South Africa


Congolese refugee uses art to tell stories of xenophobia in Durban

Azuri Muhuli’s painting of trader Amina Rugondera, who was chased from her stall and threatened with violence in Durban this year. (Photo: Nokulunga Majola)

Azuri Muhuli has seen and suffered intense violence at the hands of officials and the South African public. 

First published by GroundUp.

Congolese refugee Azuri Muhuli uses painting to tell the stories of immigrants who have suffered xenophobic violence.

Muhuli, 24, has been living in South Africa for 16 years and has been both a victim of and a witness to attacks on immigrants in Durban.

On 16 October 2020 he and his cousin David Bushambela Yakobo were stopped by a police vehicle and searched. “Then we were asked to show our asylum seeker documents, which we presented to the officers. When they realised that our documents had expired — because the Durban Refugee Centre had been closed since the beginning of the Covid-19 lockdown in March 2020 — and that we were foreign nationals, they forced us into their vehicle where they started beating us and hitting us with a glass bottle,” said Muhuli.

He said the two were further assaulted in a police station, their heads banged against the wall and tyres put around their necks.

They filed a complaint to the Independent Police Investigative Directorate. Spokesperson Ndileka Cola said IPID is still investigating the case and an update would be provided “at an appropriate stage”. But Muhuli told GroundUp that he and his cousin had not been interviewed by IPID yet

He was at school when he realised that he could communicate with other learners through drawing even if he could not speak their languages. “This is when I realised that art is a universal language that can be understood by anyone and everyone. My friends all adored my drawings and would pay me to draw their favourite wrestling superstars.”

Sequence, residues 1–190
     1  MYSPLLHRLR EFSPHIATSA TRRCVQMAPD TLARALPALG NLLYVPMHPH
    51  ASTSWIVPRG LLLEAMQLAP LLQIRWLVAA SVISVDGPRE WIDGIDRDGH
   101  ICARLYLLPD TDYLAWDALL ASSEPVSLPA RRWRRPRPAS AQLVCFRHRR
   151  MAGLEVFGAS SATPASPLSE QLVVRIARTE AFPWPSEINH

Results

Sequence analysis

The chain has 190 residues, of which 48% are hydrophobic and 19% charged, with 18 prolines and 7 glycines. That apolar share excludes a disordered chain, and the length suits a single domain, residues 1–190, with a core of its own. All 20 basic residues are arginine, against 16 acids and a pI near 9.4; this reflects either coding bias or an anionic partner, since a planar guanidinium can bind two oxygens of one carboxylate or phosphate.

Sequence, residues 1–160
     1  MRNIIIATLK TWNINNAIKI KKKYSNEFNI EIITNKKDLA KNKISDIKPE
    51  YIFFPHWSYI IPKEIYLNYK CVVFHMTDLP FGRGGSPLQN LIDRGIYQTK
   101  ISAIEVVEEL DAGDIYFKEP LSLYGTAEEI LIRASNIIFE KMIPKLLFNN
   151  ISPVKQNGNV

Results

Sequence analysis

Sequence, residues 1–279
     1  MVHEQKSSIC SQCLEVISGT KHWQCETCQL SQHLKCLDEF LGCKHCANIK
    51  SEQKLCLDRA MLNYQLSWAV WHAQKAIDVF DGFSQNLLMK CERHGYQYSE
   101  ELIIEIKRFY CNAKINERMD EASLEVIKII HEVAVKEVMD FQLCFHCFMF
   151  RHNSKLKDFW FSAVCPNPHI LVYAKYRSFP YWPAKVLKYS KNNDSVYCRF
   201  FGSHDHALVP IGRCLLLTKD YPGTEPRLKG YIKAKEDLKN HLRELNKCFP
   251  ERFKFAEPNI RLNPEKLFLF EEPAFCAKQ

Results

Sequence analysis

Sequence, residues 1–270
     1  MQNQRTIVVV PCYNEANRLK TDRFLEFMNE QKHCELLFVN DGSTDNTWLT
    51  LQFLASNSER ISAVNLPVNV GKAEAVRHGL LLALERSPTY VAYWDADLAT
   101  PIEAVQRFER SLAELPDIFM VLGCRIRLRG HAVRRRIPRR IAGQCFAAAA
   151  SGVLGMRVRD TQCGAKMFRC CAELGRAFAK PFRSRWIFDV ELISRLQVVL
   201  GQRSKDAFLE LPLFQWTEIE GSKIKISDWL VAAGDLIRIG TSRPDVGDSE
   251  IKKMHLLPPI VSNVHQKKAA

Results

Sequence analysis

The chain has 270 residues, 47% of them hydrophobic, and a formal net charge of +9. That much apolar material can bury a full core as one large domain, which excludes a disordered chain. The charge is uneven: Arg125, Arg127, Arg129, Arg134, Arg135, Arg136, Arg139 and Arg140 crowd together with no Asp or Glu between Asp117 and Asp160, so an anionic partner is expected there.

In his matric year Muhuli was awarded a one-year bursary by the Loeries Creative Future Scholarship to study creative business communication at Vega School of Brand Leadership and Communication and the Design School South Africa. That was followed by a three-year scholarship at the Centre for Fine Art, Animation and Design, run by renowned cartoonist Nanda Soobben.

He said his drawings tell stories of the working class. “I challenge social issues such as gender-based violence, racism, corruption, especially in Africa, slavery, racism, human trafficking and xenophobia,” he said.

His latest drawings were inspired by the attacks on traders in Durban in February, especially a trader called Amina Rugondera.

“I was inspired by one of our Congolese ladies who sells avocados. Her story was so horrific, she says that on the day she was even chased from her trading spot and told that she will be burnt alive and that she must go back to her country. They accused her of giving birth to too many children and stealing people’s money through the children’s grants.”

“Many people have suffered and as an artist, the best I can do is tell their stories the best way I know how,” Muhuli said.

Though the Home Affairs Durban Refugee Centre is still closed, Muhuli said he had managed to apply for his permit online. DM


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